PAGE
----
Kirkman has never lost his beat from issue to issue as he puts protagonist Rick Grimes, his wife Lori, son Carl, and fellow survivors through the ringer repeatedly, offering salvation only for it to turn into damnation.

While talking with, Kirkman said where the main focus of this series tends to lie. Kirkman said, “In a sense, Carl is the heart and soul of the comic series. He started out as a true innocent, and it’s been a fun exploration to watch the world change around him and for him to see the things he has had to go through. Carl’s had to do a lot to survive. In general, to watch characters deal with hardship and overcoming obstacles shows how it can change them.”

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Heroes That Have Animal Instincts

When it comes to animals in comic books, you can never be too careful. Throughout the Marvel and DC Universes, animals exist with amazing abilities who demonstrate as much courage and determination as their two-legged counter parts when defending Earth.

In the DC Universe there are a number of examples of super animals like B’dg, a squirrel from outer space who is Green Lantern of Sector 1014. Another creature from the “Green Lantern” franchise is the Red Lantern, Dex-Starr. Dex-Starr was a common Earth cat until the Red Lantern ring hooked onto their rage and turned him into a blood-thirsty (literally) animal who could use the power of rage to his whim.

While Superman has an array of powerful creatures like Bippo the monkey, the top pet first has been a dog, Krypto. Although his origin has evolved over the years, this super dog first appeared in “Adventures Comics” #210.

Here it was explained that Krypto was a test subject for the rocket that Jor-El would later use to save his son from Krypton’s destruction. However, plans changed when Krypto’s ship veered off course and traveled through space until he reached Earth. There he reunited with his owner, a young Clark Kent/Superboy.

Since then, Krypto has been involved in crises like “Crisis on Infinite Earths” and “The Sinestro Corps War.” Krypto remained a key part of the Superman legacy and last appeared in Jeff Lemire’s “Superboy” before the DC New 52 reboot.

In a interview with Lemire before his previous “Superboy” series premiered, he explained his intentions for this superdog. “Oh yeah, Krypto is the best. I love Krypto. I think, and I’m not joking about this at all, I really want to write the first really great Krypto story. I want to give him a really serious and a really meaty character arc over the first year just as much as Conner,” Lemire said.

Beyond the mainstream DC Universe, Krypto also appeared in his own animated series and comic book miniseries, “Krypto, the Superdog,” which was geared toward a younger audience. He was also joined by Streaky the Cat and Ace the Bat-Hound (Ace was also a featured character in the “Batman Beyond” animated series albeit more serious).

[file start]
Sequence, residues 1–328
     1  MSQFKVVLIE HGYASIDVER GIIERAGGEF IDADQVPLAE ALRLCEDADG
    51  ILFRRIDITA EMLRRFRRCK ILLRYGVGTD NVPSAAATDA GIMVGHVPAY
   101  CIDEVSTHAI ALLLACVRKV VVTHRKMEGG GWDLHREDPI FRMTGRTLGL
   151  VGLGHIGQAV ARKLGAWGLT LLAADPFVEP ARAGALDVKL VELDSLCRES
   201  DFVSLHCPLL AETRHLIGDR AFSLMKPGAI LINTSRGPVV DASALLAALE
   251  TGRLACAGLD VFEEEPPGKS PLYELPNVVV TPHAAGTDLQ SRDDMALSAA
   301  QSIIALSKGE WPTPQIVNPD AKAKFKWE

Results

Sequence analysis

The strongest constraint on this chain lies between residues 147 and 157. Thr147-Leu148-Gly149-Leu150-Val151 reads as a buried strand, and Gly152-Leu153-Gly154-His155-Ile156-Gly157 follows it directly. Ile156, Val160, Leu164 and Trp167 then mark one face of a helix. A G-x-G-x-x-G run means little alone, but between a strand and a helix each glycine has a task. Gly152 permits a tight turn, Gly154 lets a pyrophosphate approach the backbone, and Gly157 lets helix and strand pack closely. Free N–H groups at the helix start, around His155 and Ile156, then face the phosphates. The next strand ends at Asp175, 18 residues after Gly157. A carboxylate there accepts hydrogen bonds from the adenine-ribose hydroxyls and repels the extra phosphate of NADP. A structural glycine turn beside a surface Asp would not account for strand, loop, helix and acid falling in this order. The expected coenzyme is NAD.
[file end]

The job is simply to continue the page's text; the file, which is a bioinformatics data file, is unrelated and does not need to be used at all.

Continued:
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‘Dark Horse Presents’ a New Anthology Volume

Comic books are all about telling new, interesting, and/or other worldly stories. However, sometimes one issue isn’t enough, which is where anthology comics come into play. Here, readers are able to enjoy a handle of stories from different writer and artist combinations about virtually anything.

Throughout the years anthology comics have come and gone with old series like EC Comics’ “Tales from the Crypt” and “Suspense Stories” to new titles like Marvel’s “Strange Tales I and II.” Today, readers get another anthology with the relaunch of “Dark Horse Presents.”

“Dark Horse Presents” first entered the comic book industry in 1986 and ran until 2000. During this time, new comic book characters like Concrete appeared and became an icon for Dark Horse Comics. The series by writer/artist Paul Chadwick featured a man who is abducted by aliens and has his mind transferred into the body of a concrete hulking. However, in a world where super heroes and villains don’t exit, he’s left to ponder his new existence.

Another concept that began in “Dark Horse Presents” #51 and has gain notoriety was the “The Hard Goodbye,” the first story in Frank Miller’s “Sin City” series.

After the cancellation of “Dark Horse Presents” Volume One, another volume appeared for readers online called MDHP (MySpace Dark Horse Presents). From 2007 to 2010, comic book creators posted their work on MySpace for free as readers got a glimpse at what these creative writers and artists had to offer fans.

The tradition of anthological stories continued with tales featuring Dr. Horrible (from the musical blog) written by Joss Whedon, a Guild comic by its creator Felicia Day, and an “Umbrella Academy” tale by Gerald Way.

As the series ended in 2010, Scott Allie, a Dark Horse editor, spoke to about what this venture meant to the publisher and the series.